hand choreography and fingering IV

The opening Allegro vivace of Beethoven’s sonata Op. 2/2 contains right-hand octave triplets (Bars. 84-89 and 304-309) that are difficult to play cleanly when using the fingering indicated in the first edition. The progression of thumb and second finger on the lower notes of these octaves makes nevertheless clear that Beethoven intended these triplets to be played by the right hand alone, although the left hand is resting.

On an early Viennese fortepiano with its light and shallow touch, these passages require little force (or weight), so a quick touch is possible in spite of the the twiddling and the stretched fingers. This fingering might be more difficult to realize when playing on a heavy piano (the Wiener Urtext Ausgabe offers an alternative set of fingerings). Simultaneously, on such an instrument, the risk of inadvertently added stray sharps is also highly increased. The practical Carl Czerny recommends for people with small hands to use the second finger of the left hand for the beginning note of each group – this would make the passage much easier “without changing the composition in the least.”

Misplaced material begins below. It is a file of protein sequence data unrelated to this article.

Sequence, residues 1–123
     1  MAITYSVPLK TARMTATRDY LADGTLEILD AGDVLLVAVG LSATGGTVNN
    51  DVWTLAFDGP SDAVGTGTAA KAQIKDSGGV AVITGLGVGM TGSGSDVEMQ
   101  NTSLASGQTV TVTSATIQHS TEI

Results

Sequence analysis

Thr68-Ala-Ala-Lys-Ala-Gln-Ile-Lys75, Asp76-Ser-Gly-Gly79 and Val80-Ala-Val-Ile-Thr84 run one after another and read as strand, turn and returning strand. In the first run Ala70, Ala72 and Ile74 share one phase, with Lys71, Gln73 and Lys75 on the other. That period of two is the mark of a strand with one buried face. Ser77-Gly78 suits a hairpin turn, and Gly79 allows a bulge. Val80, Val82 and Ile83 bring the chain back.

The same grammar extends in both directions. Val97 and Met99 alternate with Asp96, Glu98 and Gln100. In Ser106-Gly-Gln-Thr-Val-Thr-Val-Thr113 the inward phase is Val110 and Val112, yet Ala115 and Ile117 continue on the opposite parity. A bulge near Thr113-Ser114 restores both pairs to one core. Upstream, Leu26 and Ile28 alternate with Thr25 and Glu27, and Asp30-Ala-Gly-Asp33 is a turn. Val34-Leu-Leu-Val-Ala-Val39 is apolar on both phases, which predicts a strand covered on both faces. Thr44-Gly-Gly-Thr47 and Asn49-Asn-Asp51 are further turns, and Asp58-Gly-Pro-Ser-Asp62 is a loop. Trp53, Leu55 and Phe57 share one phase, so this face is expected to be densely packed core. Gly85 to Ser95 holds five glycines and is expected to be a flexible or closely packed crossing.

I am certain that literal pianists like Arrau or Serkin would have disagreed with Czerny. The fortepiano specialist with fat fingers is, however, faced with a dilemma. What is, after all, more ‘Beethovenian’: a gritty passage performed with the authentic fingering, or Czerny’s water-in-the-wine approach for the Small Of Hand? Can we trust Czerny when he decides for us that the easier approach keeps the composition intact? Is grit perhaps the very ingredient that is necessary, the most Beethovenian approach of all? More practicing will give the answer.

About these ads

Tags:

2 Responses to “hand choreography and fingering IV”

  1. Thomas D Says:

    How about just 1-5-1 all the way? Then the wrist and forearm do all the work … it’s just a series of decorated octaves.
    The result is gritty indeed, but maybe not quite in the way Beethoven was expecting!

  2. skowroneck Says:

    Beethoven’s original fingering allows for more legato, awkward as it may be. This is one of the rather few examples where the often-heard claim that Beethoven’s legato was so special really is shown in a source. 1-5-1 is likely to be what he once called “finger-dance,” (don’t remember the year) something his contemporaries were good at but which, according to him, reduced the piano to a “tinkling harp.” (1796) But I agree, it is tempting.

Leave a Reply

Fill in your details below or click an icon to log in:

WordPress.com Logo

You are commenting using your WordPress.com account. Log Out / Change )

Twitter picture

You are commenting using your Twitter account. Log Out / Change )

Facebook photo

You are commenting using your Facebook account. Log Out / Change )

Google+ photo

You are commenting using your Google+ account. Log Out / Change )

Connecting to %s


Follow

Get every new post delivered to your Inbox.

Join 30 other followers

%d bloggers like this: